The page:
You Have To Create Inspiration.
I love that moment when inspiration hits. It feels like a big burst of energy that consumes you as your fingers try to catch up with the words forming fast in your mind. It’s a thrilling romance with words that comes to find you when you don’t expect it to but always leaves a little too soon.
I’ve written about feeling uninspired to a ridiculous extent where my well of beautifully crafted words had run dry and all I was left with were ideas I couldn’t bring to life.
If I were to wait to get ‘inspired’ in the way that’s just right and almost magical, well, the regularity of my posts would be completely left up to chance.
Creativity doesn’t just happen, at least not for me, it’s created. I think things through, analyse them, sculpt them, scrap them, and then start all over again. The more you write and practise drawing words on a blank page, the more you are likely to get inspired.
Growth Doesn’t Happen Overnight.
if you start your blog thinking you’re going to hit it big in a short while… prepare to be highly disappointed. Chances are you are not going to go viral in an instant, but rather you’ll find yourself growing slowly as time passes.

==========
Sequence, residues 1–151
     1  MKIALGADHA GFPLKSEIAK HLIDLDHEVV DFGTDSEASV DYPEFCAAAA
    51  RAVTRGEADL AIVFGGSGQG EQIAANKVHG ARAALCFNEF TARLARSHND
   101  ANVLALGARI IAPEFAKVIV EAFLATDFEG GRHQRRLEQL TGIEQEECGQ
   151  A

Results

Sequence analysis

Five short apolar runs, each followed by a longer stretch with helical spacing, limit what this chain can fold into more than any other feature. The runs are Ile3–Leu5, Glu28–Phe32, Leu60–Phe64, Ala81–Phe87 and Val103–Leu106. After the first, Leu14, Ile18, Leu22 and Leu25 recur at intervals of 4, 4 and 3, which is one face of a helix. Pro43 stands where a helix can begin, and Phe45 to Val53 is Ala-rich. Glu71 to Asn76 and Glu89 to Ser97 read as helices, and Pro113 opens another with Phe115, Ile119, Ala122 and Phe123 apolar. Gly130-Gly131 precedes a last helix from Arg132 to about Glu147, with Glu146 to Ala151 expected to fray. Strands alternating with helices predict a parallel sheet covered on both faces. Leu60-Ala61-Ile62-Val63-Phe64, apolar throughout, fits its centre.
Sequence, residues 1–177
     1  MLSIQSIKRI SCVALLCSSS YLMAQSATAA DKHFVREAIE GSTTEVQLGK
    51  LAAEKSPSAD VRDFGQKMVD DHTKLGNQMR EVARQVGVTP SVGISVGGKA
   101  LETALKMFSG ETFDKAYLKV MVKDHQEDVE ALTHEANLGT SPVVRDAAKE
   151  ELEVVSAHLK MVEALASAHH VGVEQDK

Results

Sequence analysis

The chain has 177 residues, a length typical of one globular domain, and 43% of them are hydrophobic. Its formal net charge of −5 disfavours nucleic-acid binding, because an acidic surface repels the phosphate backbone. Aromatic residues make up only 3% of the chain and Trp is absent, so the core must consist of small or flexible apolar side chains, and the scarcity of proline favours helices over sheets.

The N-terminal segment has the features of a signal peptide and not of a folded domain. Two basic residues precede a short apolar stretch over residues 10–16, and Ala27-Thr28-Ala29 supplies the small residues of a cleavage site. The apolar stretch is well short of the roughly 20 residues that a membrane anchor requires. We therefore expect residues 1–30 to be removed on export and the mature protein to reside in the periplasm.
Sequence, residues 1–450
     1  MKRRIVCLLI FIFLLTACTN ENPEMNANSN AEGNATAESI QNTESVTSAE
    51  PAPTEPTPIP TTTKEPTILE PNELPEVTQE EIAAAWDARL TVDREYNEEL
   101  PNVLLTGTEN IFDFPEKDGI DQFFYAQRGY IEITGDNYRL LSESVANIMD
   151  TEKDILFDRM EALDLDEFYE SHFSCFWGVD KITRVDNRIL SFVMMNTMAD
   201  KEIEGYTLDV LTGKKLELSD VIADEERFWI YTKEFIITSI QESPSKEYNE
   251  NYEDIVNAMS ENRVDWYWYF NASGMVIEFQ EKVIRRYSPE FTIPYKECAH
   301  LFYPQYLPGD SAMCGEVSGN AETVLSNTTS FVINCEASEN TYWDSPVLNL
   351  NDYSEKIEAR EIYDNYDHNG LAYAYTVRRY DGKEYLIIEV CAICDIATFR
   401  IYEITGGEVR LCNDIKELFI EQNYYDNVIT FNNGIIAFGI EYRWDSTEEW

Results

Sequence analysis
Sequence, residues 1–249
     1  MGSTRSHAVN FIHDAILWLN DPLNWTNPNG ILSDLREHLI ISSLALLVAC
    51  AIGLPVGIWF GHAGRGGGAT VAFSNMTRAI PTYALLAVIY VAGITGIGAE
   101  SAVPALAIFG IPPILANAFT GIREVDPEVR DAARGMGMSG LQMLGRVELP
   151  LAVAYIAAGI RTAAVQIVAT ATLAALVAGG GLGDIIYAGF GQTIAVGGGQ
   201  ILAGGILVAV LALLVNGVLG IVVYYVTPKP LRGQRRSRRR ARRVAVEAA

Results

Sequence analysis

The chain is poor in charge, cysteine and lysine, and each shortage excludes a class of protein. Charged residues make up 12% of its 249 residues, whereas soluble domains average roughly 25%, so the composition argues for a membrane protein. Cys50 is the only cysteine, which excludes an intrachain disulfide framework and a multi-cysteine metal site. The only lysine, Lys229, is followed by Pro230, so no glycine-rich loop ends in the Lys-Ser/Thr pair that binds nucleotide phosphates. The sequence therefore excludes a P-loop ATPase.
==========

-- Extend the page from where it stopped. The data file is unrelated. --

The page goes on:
The more content you put out, the more people are likely to read and engage with your work. There’s so much that goes on behind the scenes that readers don’t necessarily see, but it’s work you need to put in when you aim to deliver quality content. From SEO and keyword to utilizing social media to its fullest potential, there’s a lot of ‘technical’ things to be done, and although that might not be the fun part, it’s an important part.
Starting a blog is not just what it seems; taking a bunch of pictures and slapping some words around them. It is a lot more intricate than that, and if you’re considering starting your own you should know that.
For me, it’s all about building a community of people that make you feel heard and seen. It’s about sharing and growing together in a world where it can be hard to connect. But it’s even more than that too. A blog post can make the online family you created feel heard and seen too, less alone and a part of something that is more than pretty pictures. Most times, it’s all about the conversations that are set in motion after a post goes out; the open space, the shared experiences – and that’s why it’s worthwhile each week.
Your restless romantic roamer
Not everyone cares is such a good tip. It’s usually the posts I work the hardest on – in terms of research, pooling ideas or editing – that seem to get the smallest engagement, and whilst it’s disheartening, I’m still proud that I did what I wanted to do! I think it’s natural to care what others think, and, at times, tailor what we do because of this – we do it irl too! – but I agree, taking the time to figure out who we are writing for is so important.
It’s sooo true that it’s the ones I work the hardest on that don’t get as much attention (lol), but then again maybe it is also the fact that we put more into it that raises our expectations too. I try to not let it affect me as much as possible when I sit down to write the next, and while I’m mostly good at it, it’s not always easy to block out the noise in my mind.